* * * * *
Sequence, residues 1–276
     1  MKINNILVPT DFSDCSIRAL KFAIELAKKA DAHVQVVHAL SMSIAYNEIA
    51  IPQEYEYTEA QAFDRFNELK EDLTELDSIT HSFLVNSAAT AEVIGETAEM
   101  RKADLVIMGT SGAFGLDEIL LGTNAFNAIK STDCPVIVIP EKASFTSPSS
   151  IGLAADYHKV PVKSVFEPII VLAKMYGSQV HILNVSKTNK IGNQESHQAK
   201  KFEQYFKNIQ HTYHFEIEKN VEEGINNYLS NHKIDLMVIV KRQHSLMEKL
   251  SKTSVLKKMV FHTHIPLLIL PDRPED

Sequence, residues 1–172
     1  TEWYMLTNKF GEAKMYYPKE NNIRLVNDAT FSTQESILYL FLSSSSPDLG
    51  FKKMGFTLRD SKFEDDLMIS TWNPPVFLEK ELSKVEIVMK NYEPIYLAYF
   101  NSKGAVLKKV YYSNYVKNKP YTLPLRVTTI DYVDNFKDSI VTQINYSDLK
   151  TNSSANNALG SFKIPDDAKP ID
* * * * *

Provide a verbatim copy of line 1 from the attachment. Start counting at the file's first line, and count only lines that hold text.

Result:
Sequence, residues 1–276